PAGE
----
· One or both eyebrows pop up too much. With bad Botox, one or both eyebrows are elevated so much that the arch or the last third of the eyebrow sits up too high, giving the patient a chronically surprised look. In addition, odd wrinkles can occur over the lateral brow. Usually this can be prevented or fixed easily with a few strategically placed drops if it happens.

· Eyelid drooping. (known as Ptosis) This is the complication you read about most often. Most of the time, the eyebrow has dropped which makes the eyelid feel heavy. If your eyelid is truly drooping after Botox injections, call your doctor. There are prescription drops that will temporarily help elevate the eyelid, making this problem bearable until the effects of the Botox are gone.

 “My brow feels like an elephant sat on it.” This is the result of over-Botoxing the forehead, specifically the frontalis muscle, which goes all the way across the forehead and is used to raise the eyebrows. Too much Botox relaxes the forehead too much, which results in a heavy feeling. When the forehead comes down, so do the eyebrows. Since some of us raise our eyebrows to make the eyes feel more open when there is excess eyelid skin (called hooding), then dropping the eyebrows makes the eyelids look worse—or more hooded.

If the doctor does not correctly perceive how much the patient uses this muscle, then too much Botox will make the forehead feel heavy.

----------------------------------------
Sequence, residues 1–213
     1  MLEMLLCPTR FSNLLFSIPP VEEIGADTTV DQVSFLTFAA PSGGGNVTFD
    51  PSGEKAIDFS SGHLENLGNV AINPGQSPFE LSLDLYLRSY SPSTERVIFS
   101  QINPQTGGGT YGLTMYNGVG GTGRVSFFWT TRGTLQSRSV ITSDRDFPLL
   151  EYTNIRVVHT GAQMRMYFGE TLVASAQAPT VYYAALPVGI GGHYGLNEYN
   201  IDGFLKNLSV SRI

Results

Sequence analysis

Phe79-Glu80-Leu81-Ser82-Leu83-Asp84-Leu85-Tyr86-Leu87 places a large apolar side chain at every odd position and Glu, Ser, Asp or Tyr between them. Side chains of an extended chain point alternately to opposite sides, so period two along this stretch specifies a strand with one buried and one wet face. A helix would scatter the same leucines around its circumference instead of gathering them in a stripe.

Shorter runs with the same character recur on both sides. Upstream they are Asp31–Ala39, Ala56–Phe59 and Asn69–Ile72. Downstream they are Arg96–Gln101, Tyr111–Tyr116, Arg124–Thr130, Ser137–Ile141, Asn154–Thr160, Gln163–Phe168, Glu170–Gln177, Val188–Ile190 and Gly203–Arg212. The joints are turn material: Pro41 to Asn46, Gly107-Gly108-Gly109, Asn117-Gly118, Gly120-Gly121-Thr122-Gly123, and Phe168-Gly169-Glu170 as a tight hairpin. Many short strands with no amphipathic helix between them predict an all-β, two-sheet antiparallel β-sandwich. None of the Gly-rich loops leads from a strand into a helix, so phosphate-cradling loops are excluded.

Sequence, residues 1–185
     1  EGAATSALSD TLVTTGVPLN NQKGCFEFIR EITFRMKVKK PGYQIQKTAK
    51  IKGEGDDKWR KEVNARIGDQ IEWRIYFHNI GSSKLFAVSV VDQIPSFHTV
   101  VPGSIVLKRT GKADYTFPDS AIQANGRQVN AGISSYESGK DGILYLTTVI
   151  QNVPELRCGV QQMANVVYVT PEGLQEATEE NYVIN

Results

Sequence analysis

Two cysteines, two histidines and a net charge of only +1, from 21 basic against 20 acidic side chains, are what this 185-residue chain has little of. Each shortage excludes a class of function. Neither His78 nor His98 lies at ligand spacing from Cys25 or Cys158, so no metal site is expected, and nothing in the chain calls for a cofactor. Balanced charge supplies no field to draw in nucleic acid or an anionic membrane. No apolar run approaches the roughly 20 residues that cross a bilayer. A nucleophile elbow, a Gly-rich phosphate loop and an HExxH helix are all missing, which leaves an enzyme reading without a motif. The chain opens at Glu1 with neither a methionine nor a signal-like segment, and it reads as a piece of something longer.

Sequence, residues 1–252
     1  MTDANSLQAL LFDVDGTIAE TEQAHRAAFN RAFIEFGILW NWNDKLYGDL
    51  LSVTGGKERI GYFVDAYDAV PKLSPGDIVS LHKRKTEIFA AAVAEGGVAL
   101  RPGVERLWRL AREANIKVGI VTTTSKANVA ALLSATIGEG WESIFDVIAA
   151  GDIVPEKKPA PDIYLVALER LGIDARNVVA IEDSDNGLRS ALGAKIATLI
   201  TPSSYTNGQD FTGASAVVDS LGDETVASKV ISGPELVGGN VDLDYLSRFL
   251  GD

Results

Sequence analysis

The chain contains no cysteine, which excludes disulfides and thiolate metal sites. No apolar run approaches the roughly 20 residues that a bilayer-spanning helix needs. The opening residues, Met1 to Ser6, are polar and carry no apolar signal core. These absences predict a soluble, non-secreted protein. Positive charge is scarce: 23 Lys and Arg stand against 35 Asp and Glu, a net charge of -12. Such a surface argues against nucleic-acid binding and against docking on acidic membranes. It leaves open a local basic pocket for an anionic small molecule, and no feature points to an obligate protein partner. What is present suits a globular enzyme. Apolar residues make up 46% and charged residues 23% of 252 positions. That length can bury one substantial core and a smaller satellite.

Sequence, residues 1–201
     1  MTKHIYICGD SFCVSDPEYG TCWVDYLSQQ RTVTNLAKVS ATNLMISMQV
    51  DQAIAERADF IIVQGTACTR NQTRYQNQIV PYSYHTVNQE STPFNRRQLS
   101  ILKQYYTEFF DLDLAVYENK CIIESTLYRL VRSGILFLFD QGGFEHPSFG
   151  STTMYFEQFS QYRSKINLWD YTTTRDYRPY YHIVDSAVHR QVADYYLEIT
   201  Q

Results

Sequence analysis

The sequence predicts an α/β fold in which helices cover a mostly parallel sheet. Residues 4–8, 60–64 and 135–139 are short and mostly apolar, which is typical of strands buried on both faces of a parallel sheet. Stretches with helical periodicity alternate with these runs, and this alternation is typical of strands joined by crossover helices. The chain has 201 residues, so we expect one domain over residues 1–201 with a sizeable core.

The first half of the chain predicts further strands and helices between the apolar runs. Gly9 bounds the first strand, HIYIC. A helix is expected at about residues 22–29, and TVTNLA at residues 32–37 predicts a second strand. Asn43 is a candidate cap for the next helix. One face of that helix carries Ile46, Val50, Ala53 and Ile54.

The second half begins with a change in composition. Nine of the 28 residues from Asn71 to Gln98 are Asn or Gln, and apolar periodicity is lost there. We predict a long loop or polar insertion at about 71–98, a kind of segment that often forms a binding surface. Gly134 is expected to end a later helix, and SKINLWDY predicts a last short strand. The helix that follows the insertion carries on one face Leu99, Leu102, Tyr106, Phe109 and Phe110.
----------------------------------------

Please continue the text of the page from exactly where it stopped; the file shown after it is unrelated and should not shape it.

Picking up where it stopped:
Hospital stays and bootleg Botox. 

There have been several legal cases where doctors bought bootleg or illegal Botox. This is Botox that is used primarily for research purposes with animals. This type of Botox comes very concentrated, and the doctors involved in these cases tried to dilute it themselves. In one case in Florida, a doctor diluted it incorrectly and landed himself, his girlfriend, and a patient—the doctor injected all three of them—in the hospital for months. In another case, a doctor was diluting Botox and then putting it into Allergan Botox vials. The best way to protect yourself is to make sure your doctor has a long and excellent reputation in your community. And do not go for cheap “Botox specials”—it could be cheap for a reason! Never be injected outside a doctor’s office or a medical setting. Remember those “Botox parties” held in offices or homes? Not a good idea.